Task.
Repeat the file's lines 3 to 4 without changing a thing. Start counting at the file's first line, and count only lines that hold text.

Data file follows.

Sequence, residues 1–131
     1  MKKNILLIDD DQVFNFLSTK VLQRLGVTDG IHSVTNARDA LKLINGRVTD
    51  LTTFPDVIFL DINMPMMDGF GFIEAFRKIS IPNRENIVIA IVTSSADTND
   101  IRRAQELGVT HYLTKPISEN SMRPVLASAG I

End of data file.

    51  LTTFPDVIFL DINMPMMDGF GFIEAFRKIS IPNRENIVIA IVTSSADTND
   101  IRRAQELGVT HYLTKPISEN SMRPVLASAG I